Producing Fluorine- and Lubricant-Free Flexible Pathogen- and Blood-Repellent Surfaces Using Polysiloxane-Based Hierarchical Structures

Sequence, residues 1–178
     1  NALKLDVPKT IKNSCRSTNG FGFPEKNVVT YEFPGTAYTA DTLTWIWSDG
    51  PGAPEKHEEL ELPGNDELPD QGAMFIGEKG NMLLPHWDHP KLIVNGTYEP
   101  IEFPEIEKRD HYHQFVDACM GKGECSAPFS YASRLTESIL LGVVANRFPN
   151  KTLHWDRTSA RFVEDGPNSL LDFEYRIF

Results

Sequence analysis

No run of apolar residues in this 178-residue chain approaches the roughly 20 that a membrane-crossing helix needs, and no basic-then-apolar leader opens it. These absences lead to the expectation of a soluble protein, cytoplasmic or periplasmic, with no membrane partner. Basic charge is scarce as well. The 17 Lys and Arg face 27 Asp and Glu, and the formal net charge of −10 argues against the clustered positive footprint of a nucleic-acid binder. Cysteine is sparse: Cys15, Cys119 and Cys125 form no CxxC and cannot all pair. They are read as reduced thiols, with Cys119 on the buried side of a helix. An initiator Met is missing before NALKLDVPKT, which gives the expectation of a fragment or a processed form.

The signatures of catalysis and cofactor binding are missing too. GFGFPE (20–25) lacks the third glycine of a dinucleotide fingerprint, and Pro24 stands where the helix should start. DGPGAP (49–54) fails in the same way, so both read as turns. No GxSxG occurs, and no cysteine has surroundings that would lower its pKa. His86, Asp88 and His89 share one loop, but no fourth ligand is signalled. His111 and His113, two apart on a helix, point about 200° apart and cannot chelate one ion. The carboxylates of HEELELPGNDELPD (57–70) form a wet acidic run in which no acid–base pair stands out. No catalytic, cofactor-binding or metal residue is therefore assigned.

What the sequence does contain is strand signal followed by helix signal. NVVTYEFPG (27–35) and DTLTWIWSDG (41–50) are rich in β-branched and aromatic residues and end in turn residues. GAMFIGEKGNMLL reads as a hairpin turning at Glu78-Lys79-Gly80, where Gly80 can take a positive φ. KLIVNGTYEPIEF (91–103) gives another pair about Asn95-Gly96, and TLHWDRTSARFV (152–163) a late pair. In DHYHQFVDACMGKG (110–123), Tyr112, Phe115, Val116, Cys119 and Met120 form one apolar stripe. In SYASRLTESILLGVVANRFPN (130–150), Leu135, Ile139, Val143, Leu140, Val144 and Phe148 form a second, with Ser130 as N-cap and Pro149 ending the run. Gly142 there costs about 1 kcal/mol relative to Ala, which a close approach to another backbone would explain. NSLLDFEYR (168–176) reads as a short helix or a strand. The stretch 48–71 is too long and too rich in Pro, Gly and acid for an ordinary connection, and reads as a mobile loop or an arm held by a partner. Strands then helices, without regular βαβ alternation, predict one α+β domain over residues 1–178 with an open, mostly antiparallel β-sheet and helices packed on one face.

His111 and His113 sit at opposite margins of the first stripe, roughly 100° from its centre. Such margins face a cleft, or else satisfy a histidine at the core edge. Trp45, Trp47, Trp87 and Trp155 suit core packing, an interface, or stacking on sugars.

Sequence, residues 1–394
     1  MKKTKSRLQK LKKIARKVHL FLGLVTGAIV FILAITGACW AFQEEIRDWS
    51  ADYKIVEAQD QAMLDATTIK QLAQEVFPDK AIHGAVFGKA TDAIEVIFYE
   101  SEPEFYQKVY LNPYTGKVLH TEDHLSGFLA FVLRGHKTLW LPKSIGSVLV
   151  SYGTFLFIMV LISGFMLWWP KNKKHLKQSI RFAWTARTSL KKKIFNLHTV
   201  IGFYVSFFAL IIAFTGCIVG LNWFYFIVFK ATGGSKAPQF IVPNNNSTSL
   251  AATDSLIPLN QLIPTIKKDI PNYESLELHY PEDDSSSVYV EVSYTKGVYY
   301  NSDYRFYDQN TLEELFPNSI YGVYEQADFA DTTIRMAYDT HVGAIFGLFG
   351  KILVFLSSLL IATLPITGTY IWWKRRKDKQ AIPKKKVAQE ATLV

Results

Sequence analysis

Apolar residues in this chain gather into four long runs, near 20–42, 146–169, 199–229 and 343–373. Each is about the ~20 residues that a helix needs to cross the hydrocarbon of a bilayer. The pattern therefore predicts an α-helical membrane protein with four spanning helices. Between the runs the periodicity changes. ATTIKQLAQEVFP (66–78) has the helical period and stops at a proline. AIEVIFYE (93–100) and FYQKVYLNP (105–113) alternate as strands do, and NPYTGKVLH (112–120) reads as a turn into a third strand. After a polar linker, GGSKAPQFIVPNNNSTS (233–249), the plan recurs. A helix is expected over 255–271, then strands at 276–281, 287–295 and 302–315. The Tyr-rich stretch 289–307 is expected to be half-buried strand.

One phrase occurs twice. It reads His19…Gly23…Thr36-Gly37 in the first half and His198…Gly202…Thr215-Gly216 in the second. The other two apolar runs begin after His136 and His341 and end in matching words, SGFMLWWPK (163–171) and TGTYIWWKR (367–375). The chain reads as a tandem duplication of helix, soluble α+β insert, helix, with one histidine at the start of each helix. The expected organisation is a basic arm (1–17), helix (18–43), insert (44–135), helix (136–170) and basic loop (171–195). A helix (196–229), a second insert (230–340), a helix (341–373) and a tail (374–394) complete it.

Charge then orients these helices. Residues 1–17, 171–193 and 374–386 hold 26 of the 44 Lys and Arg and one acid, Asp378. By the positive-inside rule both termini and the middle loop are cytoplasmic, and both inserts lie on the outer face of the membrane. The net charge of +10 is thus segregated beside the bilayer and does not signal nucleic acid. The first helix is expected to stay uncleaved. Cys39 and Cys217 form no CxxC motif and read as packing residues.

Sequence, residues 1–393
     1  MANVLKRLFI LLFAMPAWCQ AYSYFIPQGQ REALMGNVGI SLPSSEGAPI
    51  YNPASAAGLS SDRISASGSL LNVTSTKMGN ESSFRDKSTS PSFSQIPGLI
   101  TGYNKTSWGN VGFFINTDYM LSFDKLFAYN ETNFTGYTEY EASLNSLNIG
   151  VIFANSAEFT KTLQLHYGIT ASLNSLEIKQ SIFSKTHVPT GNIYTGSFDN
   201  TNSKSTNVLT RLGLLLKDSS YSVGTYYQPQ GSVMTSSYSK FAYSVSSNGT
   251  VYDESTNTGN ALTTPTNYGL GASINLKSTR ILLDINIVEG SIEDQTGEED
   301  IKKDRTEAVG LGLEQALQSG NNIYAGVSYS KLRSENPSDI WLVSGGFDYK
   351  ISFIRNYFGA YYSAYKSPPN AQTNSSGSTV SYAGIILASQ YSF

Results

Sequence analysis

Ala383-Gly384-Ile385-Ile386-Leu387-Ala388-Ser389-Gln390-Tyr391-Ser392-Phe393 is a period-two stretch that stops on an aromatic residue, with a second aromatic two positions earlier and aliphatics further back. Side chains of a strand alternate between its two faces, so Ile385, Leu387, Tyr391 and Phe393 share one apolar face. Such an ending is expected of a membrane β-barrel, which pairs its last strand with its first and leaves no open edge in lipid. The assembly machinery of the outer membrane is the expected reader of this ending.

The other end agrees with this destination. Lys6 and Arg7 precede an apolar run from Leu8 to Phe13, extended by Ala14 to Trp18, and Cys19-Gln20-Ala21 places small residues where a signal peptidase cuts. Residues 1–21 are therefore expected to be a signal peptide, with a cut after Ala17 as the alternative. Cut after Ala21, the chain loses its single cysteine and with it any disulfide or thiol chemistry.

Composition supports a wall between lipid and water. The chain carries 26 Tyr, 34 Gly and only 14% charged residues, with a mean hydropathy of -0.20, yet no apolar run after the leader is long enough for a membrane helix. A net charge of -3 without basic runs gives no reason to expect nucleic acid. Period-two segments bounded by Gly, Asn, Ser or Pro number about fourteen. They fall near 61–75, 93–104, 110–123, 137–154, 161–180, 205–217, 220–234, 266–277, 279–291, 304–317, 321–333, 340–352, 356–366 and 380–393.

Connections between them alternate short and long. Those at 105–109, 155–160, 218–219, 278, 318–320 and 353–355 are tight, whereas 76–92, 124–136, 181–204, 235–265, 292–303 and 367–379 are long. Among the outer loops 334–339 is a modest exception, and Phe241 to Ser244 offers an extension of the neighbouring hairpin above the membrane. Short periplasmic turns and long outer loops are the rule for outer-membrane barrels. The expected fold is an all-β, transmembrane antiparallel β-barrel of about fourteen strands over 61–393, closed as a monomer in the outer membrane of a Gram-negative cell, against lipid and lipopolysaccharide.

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High-touch surfaces are known to be a major route for the spread of pathogens in healthcare and public settings. Antimicrobial coatings have, therefore, garnered significant attention to help mitigate the transmission of infectious diseases via the surface route. Among antimicrobial coatings, pathogen-repellent surfaces provide unique advantages in terms of safety in public settings such as instant repellency, affordability, biocompatibility, and long-term stability. While there have been many advances in the fabrication of biorepellent surfaces in the past two decades, this area of research continues to suffer challenges in scalability, cost, compatibility with high-touch applications, and performance for pathogen repellency. These features are critical for high-touch surfaces to be used in public settings. Additionally, the environmental impact of manufacturing repellent surfaces remains a challenge, mainly due to the use of fluorinated coatings. Here, we present a flexible hierarchical coating with straightforward and cost-effective manufacturing without the use of fluorine or a lubricant. Hierarchical surfaces were prepared through the growth of polysiloxane nanostructures using n-propyltrichlorosilane (n-PTCS) on activated polyolefin (PO), followed by heat shrinking to induce microscale wrinkles. The developed coatings demonstrated repellency, with contact angles over 153° and sliding angles <1°. In assays mimicking touch, these hierarchical surfaces demonstrated a 97.5% reduction in transmission of Escherichia coli (E.coli), demonstrating their potential as antimicrobial coatings to mitigate the spread of infectious diseases. Additionally, the developed surfaces displayed a 93% reduction in blood staining after incubation with human whole blood, confirming repellent properties that reduce bacterial deposition.